Art, Empowerment and Belonging: Intersectional Identities & Roundtable Annual Meeting

Date: Wednesday, June 19, 2019
Time: 5pm - 7pm
Location: New York Live Arts (Lobby), 219 W 19th St, New York, NY 10011

Celebrate Pride Month with the Roundtable on June 19, 2019 at New York Live Arts! Join the Leslie-Lohman Museum of Gay and Lesbian Art for an interactive workshop that will engage participants in activities that use art for exploring self-identification, intersectionality and activism. Attendees will learn about the pedagogical lens used at the Leslie-Lohman Museum and how art can be used to strengthen the LGBTQ voices. This event will also feature the Roundtable’s Annual Meeting as well as a reception with FREE Ben & Jerry’s Ice Cream following the workshop.
Workshop Facilitators:
  • Patricia Lannes – Director of Education, Leslie-Lohman Museum
  • Camilo Godoy – Teaching Artist
Registration is FREE and open to all. 
Online registration will close at 11:55pm on Tuesday, June 18, 2019.
Space is limited. In the case that the event sells out, interested attendees may continue to register and will be added to a waitlist pending availability.

Please Note: This event is sold out. Interested attendees may continue to register and will be added to a waitlist pending availability.

Facilitator Bios

Patricia Lannes
Patricia Lannes has over twenty years of experience in museum education and visual literacy. She envisions and curates transformational learning experiences for museum, art and education professionals and for audiences of all ages and backgrounds. Her latest work concentrates in creating education frameworks that use an intersectional pedagogical lens to foster cultural equity and civic engagement in cultural institutions and public education. She creates and facilitates art-based training programs for museum staff, docents and trustees, teachers, teaching artists and school administrators in culturally competent methodologies anchored in principles of equity and inclusion.As the founder of CALTA21, an initiative that transforms museums into welcoming civic spaces for immigrants and refugees, she was nominated to be recognized by President Obama’s White House as a Champion of Change, an award for Americans with innovative ideas who are making a difference in their communities.

Patricia is the director of education at the Leslie-Lohman Museum of Gay and Lesbian Art and former director of education at the Nassau County Museum of Art, NY. She holds a degree in History from Universidad de la República, Uruguay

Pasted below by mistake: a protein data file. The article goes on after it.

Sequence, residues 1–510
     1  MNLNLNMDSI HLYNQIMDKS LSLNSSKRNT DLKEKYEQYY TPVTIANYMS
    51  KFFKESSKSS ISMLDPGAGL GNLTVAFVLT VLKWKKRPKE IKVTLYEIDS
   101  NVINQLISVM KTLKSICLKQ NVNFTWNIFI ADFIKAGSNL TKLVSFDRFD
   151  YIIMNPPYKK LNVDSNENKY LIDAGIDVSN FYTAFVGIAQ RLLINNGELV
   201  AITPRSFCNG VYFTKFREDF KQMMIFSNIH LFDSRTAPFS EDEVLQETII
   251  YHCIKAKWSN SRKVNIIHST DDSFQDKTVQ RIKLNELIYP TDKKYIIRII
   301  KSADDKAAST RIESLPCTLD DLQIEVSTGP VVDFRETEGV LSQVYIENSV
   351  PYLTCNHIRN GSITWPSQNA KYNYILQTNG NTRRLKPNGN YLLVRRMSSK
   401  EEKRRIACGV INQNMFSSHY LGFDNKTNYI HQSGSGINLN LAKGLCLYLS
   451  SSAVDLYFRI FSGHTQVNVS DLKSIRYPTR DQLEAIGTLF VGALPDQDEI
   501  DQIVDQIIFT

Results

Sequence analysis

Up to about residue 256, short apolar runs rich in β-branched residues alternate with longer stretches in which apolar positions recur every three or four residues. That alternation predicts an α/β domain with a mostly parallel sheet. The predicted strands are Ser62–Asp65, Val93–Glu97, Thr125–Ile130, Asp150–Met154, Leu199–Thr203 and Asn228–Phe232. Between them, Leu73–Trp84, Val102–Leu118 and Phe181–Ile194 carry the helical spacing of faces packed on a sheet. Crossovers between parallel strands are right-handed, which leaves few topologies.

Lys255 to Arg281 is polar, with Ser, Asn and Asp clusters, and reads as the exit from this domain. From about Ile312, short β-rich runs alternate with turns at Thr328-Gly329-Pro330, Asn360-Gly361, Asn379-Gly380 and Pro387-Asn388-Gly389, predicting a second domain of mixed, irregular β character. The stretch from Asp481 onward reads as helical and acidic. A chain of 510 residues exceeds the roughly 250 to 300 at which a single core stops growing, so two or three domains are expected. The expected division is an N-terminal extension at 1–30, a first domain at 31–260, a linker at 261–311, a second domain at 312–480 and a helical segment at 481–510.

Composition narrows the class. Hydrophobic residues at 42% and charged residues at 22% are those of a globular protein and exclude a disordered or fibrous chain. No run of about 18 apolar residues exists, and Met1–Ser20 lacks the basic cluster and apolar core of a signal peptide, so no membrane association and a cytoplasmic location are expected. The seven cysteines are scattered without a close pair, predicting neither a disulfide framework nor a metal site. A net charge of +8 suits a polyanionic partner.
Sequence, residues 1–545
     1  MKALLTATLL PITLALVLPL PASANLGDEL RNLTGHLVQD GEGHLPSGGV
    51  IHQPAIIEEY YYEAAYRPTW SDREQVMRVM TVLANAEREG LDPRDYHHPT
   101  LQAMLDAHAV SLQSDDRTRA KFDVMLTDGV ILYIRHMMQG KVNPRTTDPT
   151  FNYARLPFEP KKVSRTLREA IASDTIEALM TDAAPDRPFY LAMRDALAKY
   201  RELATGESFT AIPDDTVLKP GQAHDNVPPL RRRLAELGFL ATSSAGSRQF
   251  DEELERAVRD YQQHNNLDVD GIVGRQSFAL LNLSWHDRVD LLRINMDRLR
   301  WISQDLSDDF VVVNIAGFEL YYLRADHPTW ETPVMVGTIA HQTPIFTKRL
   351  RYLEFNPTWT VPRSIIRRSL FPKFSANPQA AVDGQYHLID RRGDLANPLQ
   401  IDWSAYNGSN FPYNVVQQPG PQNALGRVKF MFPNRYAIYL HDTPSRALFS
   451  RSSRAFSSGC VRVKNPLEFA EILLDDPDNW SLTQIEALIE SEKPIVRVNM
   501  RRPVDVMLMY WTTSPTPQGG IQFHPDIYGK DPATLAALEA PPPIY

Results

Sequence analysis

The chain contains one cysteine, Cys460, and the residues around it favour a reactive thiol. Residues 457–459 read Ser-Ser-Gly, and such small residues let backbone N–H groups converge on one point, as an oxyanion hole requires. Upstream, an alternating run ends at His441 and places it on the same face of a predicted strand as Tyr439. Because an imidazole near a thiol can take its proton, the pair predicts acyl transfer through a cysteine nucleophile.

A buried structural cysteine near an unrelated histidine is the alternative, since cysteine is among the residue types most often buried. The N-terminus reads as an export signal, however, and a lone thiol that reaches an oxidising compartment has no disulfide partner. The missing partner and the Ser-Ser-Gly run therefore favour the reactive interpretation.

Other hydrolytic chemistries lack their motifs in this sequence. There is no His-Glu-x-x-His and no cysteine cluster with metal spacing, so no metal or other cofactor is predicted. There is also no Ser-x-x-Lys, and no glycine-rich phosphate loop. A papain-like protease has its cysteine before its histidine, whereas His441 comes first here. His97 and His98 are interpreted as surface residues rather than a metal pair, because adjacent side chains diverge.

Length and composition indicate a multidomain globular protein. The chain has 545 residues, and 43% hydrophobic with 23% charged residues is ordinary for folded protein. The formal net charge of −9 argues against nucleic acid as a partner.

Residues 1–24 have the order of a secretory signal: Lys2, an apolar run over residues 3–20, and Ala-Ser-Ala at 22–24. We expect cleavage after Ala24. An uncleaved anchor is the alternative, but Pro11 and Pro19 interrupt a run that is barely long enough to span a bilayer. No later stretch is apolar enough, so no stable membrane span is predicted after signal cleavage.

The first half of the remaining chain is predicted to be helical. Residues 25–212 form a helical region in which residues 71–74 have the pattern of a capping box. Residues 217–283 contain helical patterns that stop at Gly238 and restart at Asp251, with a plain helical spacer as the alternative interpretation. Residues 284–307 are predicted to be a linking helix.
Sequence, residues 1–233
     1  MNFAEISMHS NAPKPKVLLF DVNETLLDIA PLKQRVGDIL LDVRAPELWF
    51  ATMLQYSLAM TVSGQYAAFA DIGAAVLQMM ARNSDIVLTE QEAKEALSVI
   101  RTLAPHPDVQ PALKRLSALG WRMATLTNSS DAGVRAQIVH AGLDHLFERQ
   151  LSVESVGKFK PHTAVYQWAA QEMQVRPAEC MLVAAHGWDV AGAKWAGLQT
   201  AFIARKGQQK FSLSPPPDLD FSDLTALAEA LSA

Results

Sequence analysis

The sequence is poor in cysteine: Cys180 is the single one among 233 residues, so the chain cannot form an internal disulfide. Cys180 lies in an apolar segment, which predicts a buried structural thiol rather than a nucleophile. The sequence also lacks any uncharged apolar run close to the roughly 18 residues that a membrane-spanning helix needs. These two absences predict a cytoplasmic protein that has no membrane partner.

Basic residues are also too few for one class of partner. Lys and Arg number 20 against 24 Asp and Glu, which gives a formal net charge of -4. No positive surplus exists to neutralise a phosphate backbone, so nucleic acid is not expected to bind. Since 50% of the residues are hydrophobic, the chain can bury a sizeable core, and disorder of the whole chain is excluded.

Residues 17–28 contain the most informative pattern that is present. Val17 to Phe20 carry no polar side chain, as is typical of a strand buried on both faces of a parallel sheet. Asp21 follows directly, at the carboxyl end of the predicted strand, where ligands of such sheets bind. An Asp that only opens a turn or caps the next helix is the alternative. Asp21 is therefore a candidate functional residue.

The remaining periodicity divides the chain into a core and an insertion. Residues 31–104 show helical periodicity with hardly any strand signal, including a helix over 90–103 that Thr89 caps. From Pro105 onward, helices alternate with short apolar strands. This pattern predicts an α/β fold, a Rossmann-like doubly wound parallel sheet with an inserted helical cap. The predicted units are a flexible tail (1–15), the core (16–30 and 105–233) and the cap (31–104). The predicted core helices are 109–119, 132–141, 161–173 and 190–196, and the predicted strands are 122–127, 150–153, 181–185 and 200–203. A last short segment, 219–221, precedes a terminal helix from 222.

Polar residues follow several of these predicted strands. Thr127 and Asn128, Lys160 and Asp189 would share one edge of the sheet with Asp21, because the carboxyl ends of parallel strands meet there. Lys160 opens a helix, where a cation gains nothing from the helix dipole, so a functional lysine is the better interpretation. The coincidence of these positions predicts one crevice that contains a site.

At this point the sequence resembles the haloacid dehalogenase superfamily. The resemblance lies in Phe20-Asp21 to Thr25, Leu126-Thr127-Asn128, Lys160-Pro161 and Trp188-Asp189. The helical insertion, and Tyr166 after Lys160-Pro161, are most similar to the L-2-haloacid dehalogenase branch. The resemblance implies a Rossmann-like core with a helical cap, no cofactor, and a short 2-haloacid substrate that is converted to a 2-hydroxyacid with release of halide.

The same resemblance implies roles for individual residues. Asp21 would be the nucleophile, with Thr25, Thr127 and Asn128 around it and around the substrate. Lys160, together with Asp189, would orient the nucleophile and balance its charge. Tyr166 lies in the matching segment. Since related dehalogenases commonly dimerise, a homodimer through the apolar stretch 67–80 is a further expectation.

Camilo Godoy
Camilo Godoy is an artist and educator born in Bogotá, Colombia and based in New York, United States. He is a graduate of The New School with a BFA from Parsons School of Design, 2012; and a BA from Eugene Lang College of Liberal Arts, 2013. Godoy was a 2018 Session Artist, Recess; 2018 Artist-in-Residence, Leslie-Lohman Museum; 2018 Artist-in-Residence, coleção moraes-barbosa;  2017 Artist-in-Residence, International Studio & Curatorial Program (ISCP); 2015-2017 Artist-in-Residence, Movement Research; among others. His work has been presented in New York at the Brooklyn Museum, CUE, Danspace Project; and Mousonturm, Frankfurt; among others. Godoy currently teaches various age groups at the Brooklyn Museum, Dedalus Foundation, Leslie-Lohman Museum, and Whitney Museum.

About the Leslie-Lohman Museum
The Leslie-Lohman Museum is the only dedicated art museum in the world to exhibit and preserve artwork that speaks about the LGBTQ experience. Our roots trace back to 1969 when Charles Leslie and Fritz Lohman held an exhibit of gay artists for the first time in their SoHo loft. Throughout the 1970s, they continued to collect and exhibit gay artists while supporting the SoHo art community. During the AIDS pandemic of the 1980s, the collection continued to grow as they rescued the work of dying artists from families who, out of shame or ignorance, wanted to destroy it.  This led to the formation of the Leslie-Lohman Gay Art Foundation in 1987. In recognition of its importance in the collection and preservation of LGBTQ history, the organization was accredited as a museum in 2016. With a collection of over 30,000 objects, the Museum hosts six major exhibitions annually, offers several public programs throughout the year, publishes an arts newsletter, and maintains a research library of over 3,000 volumes.

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